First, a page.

Resolving issues without going to court
COLLABORATIVE LAW FIRM
Engage in open communication to resolve issues without going to court.
Deborah Awyzio, as well as our Associate Solicitor Amy Little and our Managing Director Lisa Foley have undertaken training in collaborative practice. This means they are able to offer an alternative dispute resolution process, rather than only litigation, mediation or negotiation between lawyers.
Collaborative practice is more focussed on separated partners taking responsibility for resolving their dispute in a respectful, collaborative way with the assistance of four-way face to face meeting between separating partners and their lawyers.
There is not extensive correspondence between lawyers and if necessary third party experts such as communication specialists, valuers, accountants, and financial planners are brought into the process by agreement, when needed.
Collaborative Law at DA Family Lawyers
Collaborative Law can only be used if both parties agree to it.
With Collaborative Law we only work with clients to resolve their matter. If you cannot settle the matter and need to go to court we will refer you to another lawyer. This way our interests are aligned with yours: we will focus on a resolution that does not resort to ligation in a court.
This is a confidential process between participants and involves full disclosure of all information.
What’s involved with Collaborative Practice?
The process starts off with an initial consultation. This will allow us to first assess whether this is a suitable process for you, and if it is, then we will prepare a face to face meeting with your former partner and their solicitor.
At the face to face meeting with your former partner and their lawyer, the collaborative agreement will be discussed and signed. Once that is signed we will identify interests and issues. This meeting involves everyone working together to decide what steps to be taken—by all involved—for us to advance the matter towards settlement.
The end of the Collaborative Practice process
There are two ways this process can end:
- Settlement is reached
- You or your former partner terminates the agreement to participate
A third possibility also exists: we are able to terminate the agreement if:
- you knowingly withhold information material to the process
- you knowingly misrepresent information to the process
- seek to misuse the process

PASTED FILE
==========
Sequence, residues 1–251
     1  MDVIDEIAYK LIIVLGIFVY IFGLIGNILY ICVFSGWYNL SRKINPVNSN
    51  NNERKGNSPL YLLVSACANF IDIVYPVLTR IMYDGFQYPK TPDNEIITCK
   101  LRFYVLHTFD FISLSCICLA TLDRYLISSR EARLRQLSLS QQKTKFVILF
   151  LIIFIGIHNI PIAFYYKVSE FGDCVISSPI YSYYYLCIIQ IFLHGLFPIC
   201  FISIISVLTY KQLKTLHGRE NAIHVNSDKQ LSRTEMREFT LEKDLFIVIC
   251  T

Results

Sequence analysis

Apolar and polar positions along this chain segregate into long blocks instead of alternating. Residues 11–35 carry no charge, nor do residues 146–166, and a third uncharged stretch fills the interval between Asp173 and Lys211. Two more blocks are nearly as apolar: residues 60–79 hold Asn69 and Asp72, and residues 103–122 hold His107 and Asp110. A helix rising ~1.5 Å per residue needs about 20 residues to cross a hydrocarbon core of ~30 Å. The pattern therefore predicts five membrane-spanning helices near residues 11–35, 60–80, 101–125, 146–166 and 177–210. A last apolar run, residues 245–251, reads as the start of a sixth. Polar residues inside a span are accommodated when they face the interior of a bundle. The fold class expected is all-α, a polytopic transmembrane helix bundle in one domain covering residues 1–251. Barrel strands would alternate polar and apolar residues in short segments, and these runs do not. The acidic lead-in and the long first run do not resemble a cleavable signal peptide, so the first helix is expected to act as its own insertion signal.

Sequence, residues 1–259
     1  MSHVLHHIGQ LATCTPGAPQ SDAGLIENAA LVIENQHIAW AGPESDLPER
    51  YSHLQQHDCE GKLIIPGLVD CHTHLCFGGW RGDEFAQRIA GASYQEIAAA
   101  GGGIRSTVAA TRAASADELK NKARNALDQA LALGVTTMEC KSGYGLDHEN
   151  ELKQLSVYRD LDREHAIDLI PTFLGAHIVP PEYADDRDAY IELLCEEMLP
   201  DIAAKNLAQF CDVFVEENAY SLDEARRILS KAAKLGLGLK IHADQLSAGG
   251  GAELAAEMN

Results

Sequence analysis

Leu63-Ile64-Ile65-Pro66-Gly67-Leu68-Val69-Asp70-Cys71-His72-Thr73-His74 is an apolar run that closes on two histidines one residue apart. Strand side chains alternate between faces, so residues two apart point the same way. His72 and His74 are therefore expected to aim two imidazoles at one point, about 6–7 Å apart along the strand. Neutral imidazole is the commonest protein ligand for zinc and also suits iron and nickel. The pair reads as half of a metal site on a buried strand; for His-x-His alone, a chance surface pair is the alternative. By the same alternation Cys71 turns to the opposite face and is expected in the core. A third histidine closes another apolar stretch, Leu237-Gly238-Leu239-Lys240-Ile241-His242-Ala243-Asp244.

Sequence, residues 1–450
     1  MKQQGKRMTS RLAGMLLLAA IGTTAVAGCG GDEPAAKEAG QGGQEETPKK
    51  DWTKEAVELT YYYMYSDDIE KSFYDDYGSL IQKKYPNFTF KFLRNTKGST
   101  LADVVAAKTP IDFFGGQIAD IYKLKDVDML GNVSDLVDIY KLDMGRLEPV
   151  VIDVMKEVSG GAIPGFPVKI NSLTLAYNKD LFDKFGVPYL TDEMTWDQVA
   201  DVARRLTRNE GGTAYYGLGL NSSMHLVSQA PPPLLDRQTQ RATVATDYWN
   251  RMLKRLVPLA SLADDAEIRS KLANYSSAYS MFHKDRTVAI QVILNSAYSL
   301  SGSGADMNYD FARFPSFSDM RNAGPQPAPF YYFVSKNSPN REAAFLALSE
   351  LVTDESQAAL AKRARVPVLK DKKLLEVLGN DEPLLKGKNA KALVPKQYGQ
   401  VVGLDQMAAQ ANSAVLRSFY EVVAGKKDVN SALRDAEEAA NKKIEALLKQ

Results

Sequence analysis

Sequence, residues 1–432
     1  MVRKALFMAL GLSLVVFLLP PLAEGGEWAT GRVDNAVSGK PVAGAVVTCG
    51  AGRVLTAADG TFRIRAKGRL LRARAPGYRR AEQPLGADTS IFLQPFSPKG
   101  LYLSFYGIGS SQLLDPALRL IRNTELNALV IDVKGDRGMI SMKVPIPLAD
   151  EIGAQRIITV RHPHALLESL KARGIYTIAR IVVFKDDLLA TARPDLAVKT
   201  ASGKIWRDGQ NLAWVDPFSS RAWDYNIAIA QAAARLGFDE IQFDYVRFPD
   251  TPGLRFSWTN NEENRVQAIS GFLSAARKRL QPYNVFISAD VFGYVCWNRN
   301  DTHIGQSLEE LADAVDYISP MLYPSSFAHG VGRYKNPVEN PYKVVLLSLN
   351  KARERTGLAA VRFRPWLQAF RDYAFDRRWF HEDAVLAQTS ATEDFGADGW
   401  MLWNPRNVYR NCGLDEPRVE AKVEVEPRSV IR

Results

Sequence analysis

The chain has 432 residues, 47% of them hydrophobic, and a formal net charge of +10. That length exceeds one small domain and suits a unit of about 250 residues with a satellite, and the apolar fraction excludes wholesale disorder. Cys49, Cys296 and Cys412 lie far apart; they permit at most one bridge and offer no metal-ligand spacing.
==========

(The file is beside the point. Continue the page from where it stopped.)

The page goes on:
- if one or both parties may be harmed or prejudiced by continuing to participate in the process
- the process is no longer effective
If you would like further information about our Collaborative Law Practice please download our brochure.
No, this is not possible. Part of the collaborative contract involves an agreement by the parties and solicitors that if the matter does not resolve within the collaborative law process and requires court intervention, then the solicitors cannot be involved in the court proceedings. This motivates the parties to resolve their matter within the collaborative process.
No. When it comes to collaborative law, each case is different. The process takes many different forms. Some matters will require several meetings and others will not. Some collaborative matters will involve other professionals such as accountants and counsellors.
The first step is for the DA Family Lawyers team to meet with the client individually to assess whether the process is suitable for them. If the client is happy to proceed, the DA team will prepare them for a face-to-face meeting with the other party and their solicitor. If in agreement, the parties and their solicitors will sign a collaborative law agreement. Next, all the interests and issues will be identified and all the parties, including the solicitors, will work together to decide what steps need to be taken to advance the matter towards settlement.
If you would like more information about collaborative practice, get in touch with DA Family Lawyers in Brisbane. Our reliable, supportive and knowledgeable family law solicitors are here to help.
Read more about how to respectfully separate in Queensland’s Collaborative Law guide.
You can also find out more about how to own this confidential process in an article by DA Family Lawyer’s Director, Deborah Awyzio. Click here to read the article.